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ED NOTES

BRAD WYLIE'S investigations into early Anderson Valley history recall the first pioneer families to settle here. Pioneer. That term rightly angers, or at least annoys, the descendants of native peoples whose travails and mass disappearances began with the appearance of that first settler, a man named Anderson as it happens, and not the first of that name to leave evidence of his presence in the Anderson Valley.

PRIOR to the Gold Rush, but only about 30 years prior, the missions in San Rafael and Sonoma were founded, and soon after their founding word got out to the Indians of NorCal that Spanish soldiers were combing the outback for free labor and no-option Christians. 

THERE'S a vague account of a clash between a mission slave hunting expedition and Anderson Valley Indians that occurred in what is now the area around Boonville. I've heard a Spanish sword was found in the hills east of Boonville and now belongs to a local family. 

WE KNOW from archeologist studies that the Anderson Valley watershed was home to at least a thousand people, probably more including nomadic tribes, who thrived here for millenia in an Edenic cocoon of plenty, which came to an abrupt and bloody end only 200 years ago.

THERE are some good histories of the mission period. The best, in my opinion, is Blaise Cendars' Gold, which is mostly about John Sutter, the first white man into the Sacramento Valley who clothed his Indian army in Russian uniforms he'd bought from the Russians as they departed Fort Ross. That fifty years in NorCal before the Gold Rush is fascinating, but the record is so thin that only Cendars' novelistic account of it captures something of what it was like.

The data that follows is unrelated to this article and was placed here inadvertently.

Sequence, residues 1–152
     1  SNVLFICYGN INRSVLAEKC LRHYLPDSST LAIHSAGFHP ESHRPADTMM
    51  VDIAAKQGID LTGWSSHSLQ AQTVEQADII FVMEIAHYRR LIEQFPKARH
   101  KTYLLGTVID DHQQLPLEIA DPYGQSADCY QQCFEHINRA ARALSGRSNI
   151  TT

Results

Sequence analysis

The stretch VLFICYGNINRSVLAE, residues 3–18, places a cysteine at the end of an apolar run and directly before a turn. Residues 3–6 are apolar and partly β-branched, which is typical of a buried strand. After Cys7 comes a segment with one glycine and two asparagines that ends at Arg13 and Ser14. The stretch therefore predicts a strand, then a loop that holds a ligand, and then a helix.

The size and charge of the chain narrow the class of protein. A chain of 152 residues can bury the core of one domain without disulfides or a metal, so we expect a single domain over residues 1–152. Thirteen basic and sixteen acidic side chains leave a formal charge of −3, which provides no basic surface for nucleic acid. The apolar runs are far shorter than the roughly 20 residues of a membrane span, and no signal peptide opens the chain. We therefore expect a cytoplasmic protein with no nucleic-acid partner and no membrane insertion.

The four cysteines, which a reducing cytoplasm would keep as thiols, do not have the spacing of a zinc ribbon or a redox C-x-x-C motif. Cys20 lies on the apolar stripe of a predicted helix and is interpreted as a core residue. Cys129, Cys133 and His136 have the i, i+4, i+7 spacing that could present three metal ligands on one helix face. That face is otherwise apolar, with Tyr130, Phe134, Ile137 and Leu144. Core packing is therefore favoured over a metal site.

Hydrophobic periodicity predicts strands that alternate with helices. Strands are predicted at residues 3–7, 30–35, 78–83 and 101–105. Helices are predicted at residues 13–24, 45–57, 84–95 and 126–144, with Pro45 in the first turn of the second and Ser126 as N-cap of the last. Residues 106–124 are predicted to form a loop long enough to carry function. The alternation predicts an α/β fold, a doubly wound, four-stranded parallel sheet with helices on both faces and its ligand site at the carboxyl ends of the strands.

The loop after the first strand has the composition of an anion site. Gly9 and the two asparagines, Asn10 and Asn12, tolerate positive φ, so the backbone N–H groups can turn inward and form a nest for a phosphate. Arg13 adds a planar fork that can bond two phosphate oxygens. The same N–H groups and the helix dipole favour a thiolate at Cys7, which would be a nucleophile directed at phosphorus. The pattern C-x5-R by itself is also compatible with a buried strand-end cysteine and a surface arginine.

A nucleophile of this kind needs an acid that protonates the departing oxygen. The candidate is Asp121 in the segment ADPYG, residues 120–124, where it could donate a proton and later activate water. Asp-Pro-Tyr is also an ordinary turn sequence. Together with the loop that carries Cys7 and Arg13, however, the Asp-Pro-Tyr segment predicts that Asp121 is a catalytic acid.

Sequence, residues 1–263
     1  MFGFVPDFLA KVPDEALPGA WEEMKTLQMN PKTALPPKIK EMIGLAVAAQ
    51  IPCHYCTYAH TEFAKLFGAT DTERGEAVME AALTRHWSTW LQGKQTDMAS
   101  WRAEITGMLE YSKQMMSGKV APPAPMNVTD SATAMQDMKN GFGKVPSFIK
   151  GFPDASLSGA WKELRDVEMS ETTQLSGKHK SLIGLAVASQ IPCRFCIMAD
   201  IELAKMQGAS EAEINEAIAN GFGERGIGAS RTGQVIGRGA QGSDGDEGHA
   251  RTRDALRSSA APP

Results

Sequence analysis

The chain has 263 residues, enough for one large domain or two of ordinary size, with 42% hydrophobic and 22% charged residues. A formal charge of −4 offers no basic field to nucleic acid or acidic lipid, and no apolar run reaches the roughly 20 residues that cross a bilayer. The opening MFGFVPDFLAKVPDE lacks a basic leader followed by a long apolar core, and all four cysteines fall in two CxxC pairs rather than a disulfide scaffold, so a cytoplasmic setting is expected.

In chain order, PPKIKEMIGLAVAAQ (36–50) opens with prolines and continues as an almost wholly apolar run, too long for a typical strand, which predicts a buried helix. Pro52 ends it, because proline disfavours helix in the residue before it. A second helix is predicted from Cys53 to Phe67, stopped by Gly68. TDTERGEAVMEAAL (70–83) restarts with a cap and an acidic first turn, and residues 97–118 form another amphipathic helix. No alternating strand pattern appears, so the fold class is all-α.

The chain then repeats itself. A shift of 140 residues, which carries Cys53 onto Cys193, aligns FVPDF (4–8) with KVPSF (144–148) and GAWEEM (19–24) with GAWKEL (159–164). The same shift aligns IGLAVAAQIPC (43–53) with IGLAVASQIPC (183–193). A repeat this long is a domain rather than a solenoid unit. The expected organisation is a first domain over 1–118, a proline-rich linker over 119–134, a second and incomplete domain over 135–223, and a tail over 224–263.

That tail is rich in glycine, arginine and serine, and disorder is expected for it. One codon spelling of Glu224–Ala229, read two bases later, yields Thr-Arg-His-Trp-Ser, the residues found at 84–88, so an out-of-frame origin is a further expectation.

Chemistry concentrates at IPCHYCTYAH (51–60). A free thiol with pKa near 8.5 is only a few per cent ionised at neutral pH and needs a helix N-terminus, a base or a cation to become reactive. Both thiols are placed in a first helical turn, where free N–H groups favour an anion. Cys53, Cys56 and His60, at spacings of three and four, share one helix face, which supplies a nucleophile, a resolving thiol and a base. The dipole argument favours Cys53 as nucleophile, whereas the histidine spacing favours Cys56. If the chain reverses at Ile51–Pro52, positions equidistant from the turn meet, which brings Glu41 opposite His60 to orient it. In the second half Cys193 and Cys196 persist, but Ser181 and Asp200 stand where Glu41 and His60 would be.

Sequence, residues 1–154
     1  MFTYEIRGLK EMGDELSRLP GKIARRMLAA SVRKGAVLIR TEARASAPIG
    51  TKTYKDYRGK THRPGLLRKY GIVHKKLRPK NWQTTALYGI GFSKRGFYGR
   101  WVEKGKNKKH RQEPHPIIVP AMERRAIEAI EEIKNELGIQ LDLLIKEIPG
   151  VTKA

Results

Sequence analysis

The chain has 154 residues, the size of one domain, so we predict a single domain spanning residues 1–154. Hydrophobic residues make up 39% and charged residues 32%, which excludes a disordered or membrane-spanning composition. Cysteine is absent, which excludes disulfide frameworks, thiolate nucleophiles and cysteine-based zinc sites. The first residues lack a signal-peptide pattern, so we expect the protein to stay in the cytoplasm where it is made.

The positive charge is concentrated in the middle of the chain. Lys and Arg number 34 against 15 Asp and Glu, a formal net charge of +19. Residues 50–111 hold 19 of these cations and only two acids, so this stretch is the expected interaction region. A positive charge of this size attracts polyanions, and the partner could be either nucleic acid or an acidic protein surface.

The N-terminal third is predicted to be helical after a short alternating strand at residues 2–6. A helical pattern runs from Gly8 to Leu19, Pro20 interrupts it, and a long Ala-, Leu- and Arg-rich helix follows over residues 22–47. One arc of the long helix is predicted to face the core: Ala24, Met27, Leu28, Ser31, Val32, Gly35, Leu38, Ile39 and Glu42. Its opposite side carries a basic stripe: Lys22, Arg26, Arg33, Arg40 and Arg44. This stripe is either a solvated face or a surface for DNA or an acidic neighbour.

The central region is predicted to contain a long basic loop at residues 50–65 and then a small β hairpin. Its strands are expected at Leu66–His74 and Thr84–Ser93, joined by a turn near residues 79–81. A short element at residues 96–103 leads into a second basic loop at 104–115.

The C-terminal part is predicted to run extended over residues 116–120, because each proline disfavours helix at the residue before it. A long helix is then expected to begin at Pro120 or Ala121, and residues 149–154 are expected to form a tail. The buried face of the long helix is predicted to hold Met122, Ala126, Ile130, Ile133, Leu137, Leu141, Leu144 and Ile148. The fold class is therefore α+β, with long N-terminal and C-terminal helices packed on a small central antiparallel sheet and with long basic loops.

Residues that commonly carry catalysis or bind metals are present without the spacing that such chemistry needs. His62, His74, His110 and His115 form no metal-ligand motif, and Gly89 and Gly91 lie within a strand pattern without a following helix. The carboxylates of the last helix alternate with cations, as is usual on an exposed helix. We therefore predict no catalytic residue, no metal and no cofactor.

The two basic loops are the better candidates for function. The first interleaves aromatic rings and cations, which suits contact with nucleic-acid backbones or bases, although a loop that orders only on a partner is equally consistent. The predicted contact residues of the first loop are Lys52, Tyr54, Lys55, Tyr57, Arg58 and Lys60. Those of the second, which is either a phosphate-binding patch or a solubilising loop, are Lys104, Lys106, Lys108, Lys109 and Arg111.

HENRY BEESON, a Bear Flagger, ended his days in the Anderson Valley, making his home south of Boonville where the CalFire installation squats in an array of neo-totalitarian architecture. Beeson earned his way as a saddlemaker, at which he was so good his place became busy with buyers from all over.

THE BEAR FLAGGERS are viewed romantically as a noble band of patriots who took California from Mexico, but General Vallejo regarded them as a pack of aimless drifters who rewarded his hospitality by drinking up his liquor and locking him up in his own home.

WELL, there it is. You've got history and then you have true history, and the latter is never as prevalent or as popular as the former. Going by the formal histories of the Anderson Valley this place is one of the most boring, uneventful places there's ever been. But if you get the old timers talking, you soon have confirmation that this place, and its unusual collection of people all the way back to the first post offices and ten thousand years before, is historically as floridly riveting as any, and hurtling faster than ever, seemingly, back — way back.